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Your USDA Hardiness Zone

Featured Articles!

Peony Power

Peonies are one of the best perennial choices for a Midwest garden. The reason is simple: Peonies are hardy and extremely reliable. Once established these beauties are durable and low maintenance. Another admirable aspect of peonies is that, unlike some other perennials, the do not ramble. They come back reliably year after year with little care and produce huge flowers — even enough blooms for cut-flower bouquets.

>> read “Peony Power”       #Flowers   #Pink
Chives: Edible, Pretty and Easy to Grow

When I was a young, inexperienced gardener, I had the fortune of stumbling upon Martha Stewart’s Gardening. The title was deceptively simple, as the book contained intricate herb gardens and rose gardens, which stretched hundreds of feet. But the book became dog-eared as I shamelessly copied loads of ideas she had.

>> read “Chives: Edible, Pretty and Easy to Grow”       #Edibles   #Herbs   #Recipes
Japanese Style in the Garden

Japanese gardens have weathered the test of time.

Principles originating centuries ago still guide and inspire garden designers in search of harmony and beauty. Japanese gardens are often described as beautiful, simple, serene and harmonious. For the aspiring designer, intimidating also comes to mind. Some design principles are consistent across all design disciplines, while others seem new and challenging to a Western-minded gardener. Let’s explore the Japanese garden and discuss a few concepts that make this approach so enduring.

>> read “Japanese Style in the Garden”       #Design   #Themed Gardens   #Unusual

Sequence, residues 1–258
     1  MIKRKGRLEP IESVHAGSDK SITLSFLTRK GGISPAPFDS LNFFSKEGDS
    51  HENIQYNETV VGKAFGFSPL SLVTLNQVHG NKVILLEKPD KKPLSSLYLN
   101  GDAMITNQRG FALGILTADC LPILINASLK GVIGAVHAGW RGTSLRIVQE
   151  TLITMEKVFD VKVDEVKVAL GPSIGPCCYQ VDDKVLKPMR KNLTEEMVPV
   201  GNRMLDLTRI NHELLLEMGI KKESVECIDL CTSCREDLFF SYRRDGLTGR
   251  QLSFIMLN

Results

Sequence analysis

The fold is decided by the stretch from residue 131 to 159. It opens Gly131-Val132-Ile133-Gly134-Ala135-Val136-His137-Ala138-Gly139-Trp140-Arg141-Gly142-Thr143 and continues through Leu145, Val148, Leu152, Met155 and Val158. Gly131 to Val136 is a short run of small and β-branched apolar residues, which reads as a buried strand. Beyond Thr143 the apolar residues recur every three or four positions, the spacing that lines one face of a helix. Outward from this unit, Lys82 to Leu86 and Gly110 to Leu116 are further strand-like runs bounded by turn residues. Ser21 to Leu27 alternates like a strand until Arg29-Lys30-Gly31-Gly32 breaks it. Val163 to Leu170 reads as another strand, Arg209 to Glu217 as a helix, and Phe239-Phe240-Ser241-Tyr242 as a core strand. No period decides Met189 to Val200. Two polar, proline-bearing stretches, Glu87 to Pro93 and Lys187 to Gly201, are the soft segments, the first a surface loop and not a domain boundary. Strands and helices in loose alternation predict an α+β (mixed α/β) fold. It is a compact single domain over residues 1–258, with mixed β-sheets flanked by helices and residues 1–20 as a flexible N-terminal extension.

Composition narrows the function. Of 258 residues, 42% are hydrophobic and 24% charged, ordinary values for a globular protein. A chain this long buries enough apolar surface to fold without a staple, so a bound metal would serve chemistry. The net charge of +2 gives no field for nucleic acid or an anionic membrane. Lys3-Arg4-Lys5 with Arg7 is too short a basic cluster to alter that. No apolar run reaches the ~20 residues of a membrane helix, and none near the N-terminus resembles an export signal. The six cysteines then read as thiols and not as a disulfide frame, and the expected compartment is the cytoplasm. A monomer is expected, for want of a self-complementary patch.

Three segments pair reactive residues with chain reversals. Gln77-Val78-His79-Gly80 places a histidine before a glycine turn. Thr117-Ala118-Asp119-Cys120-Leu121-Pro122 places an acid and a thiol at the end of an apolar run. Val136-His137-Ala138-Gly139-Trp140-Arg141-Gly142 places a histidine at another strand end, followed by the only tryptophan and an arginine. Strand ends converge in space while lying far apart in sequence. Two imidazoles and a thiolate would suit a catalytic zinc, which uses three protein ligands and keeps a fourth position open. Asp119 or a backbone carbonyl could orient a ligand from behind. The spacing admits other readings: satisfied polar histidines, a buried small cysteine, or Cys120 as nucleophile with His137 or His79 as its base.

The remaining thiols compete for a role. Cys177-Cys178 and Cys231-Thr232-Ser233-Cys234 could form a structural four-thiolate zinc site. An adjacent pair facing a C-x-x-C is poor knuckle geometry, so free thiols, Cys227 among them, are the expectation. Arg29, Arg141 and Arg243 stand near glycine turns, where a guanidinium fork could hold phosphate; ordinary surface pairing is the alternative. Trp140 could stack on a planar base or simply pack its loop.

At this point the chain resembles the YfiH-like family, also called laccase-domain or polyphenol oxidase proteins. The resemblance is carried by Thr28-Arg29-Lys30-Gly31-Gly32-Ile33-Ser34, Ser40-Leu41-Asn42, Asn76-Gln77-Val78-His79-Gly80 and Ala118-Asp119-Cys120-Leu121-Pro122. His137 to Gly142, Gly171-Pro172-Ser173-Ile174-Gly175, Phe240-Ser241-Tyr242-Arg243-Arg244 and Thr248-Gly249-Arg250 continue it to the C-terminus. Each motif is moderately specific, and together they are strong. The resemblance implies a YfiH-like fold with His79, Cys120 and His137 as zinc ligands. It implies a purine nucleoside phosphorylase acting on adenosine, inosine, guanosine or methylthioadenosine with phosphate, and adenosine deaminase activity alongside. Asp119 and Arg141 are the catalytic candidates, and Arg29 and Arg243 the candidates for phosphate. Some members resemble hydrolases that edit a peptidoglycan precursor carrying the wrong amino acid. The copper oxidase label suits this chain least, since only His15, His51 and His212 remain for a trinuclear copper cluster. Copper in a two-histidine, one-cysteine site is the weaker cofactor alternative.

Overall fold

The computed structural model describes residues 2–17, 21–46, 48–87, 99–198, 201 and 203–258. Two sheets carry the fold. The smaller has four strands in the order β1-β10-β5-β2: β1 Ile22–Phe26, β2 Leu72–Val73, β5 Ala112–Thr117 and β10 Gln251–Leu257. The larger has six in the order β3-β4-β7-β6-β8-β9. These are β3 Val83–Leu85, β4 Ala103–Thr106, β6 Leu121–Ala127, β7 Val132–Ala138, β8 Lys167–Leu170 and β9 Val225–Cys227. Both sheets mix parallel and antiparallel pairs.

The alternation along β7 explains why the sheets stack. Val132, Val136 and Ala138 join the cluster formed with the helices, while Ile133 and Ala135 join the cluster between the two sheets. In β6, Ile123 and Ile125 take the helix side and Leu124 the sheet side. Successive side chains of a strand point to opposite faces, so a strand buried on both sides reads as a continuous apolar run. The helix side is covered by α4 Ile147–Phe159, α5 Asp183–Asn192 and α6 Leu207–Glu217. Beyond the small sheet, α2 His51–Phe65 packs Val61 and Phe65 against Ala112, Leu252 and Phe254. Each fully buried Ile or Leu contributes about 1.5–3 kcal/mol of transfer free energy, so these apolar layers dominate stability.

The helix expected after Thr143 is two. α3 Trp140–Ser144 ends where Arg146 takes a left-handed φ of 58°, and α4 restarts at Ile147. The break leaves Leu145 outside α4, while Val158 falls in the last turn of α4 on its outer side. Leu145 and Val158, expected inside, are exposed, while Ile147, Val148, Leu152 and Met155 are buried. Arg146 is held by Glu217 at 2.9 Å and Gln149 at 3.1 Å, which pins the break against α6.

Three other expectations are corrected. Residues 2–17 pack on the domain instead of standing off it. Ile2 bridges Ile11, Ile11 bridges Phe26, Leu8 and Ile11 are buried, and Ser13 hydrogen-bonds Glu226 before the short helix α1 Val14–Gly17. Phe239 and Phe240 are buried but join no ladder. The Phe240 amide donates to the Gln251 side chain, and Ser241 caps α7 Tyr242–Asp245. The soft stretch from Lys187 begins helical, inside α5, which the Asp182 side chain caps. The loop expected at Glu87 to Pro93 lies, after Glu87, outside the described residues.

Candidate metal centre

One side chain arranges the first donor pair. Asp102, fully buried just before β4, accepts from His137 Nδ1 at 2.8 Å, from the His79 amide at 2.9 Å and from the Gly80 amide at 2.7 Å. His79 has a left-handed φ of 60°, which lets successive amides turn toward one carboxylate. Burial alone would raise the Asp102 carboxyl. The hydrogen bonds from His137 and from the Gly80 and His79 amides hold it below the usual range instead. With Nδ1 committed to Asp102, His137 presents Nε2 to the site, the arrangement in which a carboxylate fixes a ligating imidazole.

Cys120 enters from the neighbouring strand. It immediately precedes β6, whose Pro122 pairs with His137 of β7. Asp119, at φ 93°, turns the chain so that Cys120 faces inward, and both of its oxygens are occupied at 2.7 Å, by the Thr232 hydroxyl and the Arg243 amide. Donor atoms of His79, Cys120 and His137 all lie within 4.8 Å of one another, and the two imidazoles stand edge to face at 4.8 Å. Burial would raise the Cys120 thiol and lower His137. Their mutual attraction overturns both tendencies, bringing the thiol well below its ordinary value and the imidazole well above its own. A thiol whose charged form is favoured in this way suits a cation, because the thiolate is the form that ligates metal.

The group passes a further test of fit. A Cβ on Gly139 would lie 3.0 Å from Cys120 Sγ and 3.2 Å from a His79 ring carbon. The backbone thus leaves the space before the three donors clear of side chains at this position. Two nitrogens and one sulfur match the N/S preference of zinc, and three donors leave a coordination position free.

Natural Hardscaping
Using natural materials for your landscaping

More and more gardeners and landscapers are heading “back to the land.” In addition to self-sufficiency, less pesticide use, growing heirloom vegetable varieties, urban homesteading, hardscaping using natural materials is also becoming more popular. This provides a wealth of natural materials for landscaping and design work.

>> read “Natural Hardscaping”       #Design   #Hardscaping   #Natives
How to Build a Living Fence

Fences can fill a number of needs in the garden: They can enclose a space and define it, they can keep the dogs in or the neighbor’s cats out, they often tell the gardener where to stop planting. But they can also become part of the planting and design scheme itself. That is, they can support plants and allow their form to be seen in their best light. Of course, the typical cottage garden picket fence does a great job – but construction is not always easy or cheap. There is an alternative though – a wood and wire fence.

>> read “How to Build a Living Fence”       #Design   #Hardscaping   #How to
Unconstructed Play

How many times have you been to a child’s birthday party with a bunch of laughing, screaming kids and lots of toys, and what the children end up playing with are the cardboard boxes, ribbons and ties from the gifts, loose parts from one of the toys (and not as they were intended to be used), or a pile of dirt or rocks next door? OK, that proves it – all they really need to play is a dirt pile and a bucket; unstructured play is the secret to happiness.

>> read “Unconstructed Play”       #Kids   #Misc
Caterpillar Calamities

Every gardener has experienced it, usually more times than they can count. You walk into the garden and discover a plant that’s been defoliated or otherwise damaged by caterpillars. The canna leaves are riddled with holes, the cabbage leaves look like lace, half the tomatoes have worms in the fruit, or the azaleas have been stripped of their leaves. How could this happen so quickly?

>> read “Caterpillar Calamities”       #Pests   #Vegetables   #Wildlife